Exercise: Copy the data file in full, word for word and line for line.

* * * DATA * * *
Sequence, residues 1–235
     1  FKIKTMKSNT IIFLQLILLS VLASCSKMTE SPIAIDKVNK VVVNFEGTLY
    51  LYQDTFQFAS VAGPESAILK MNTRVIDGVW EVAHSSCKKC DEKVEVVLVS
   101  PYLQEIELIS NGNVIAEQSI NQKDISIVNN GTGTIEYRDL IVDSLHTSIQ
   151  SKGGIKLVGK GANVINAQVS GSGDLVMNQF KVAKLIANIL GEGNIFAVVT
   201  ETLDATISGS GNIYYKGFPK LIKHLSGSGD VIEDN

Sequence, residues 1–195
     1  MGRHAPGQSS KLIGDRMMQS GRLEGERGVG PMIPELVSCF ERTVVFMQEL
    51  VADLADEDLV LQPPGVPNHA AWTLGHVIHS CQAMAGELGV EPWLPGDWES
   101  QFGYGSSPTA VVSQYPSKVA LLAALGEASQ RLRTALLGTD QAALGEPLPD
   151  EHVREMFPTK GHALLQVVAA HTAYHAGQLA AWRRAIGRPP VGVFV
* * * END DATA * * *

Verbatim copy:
Sequence, residues 1–235
     1  FKIKTMKSNT IIFLQLILLS VLASCSKMTE SPIAIDKVNK VVVNFEGTLY
    51  LYQDTFQFAS VAGPESAILK MNTRVIDGVW EVAHSSCKKC DEKVEVVLVS
   101  PYLQEIELIS NGNVIAEQSI NQKDISIVNN GTGTIEYRDL IVDSLHTSIQ
   151  SKGGIKLVGK GANVINAQVS GSGDLVMNQF KVAKLIANIL GEGNIFAVVT
   201  ETLDATISGS GNIYYKGFPK LIKHLSGSGD VIEDN

Sequence, residues 1–195
     1  MGRHAPGQSS KLIGDRMMQS GRLEGERGVG PMIPELVSCF ERTVVFMQEL
    51  VADLADEDLV LQPPGVPNHA AWTLGHVIHS CQAMAGELGV EPWLPGDWES
   101  QFGYGSSPTA VVSQYPSKVA LLAALGEASQ RLRTALLGTD QAALGEPLPD
   151  EHVREMFPTK GHALLQVVAA HTAYHAGQLA AWRRAIGRPP VGVFV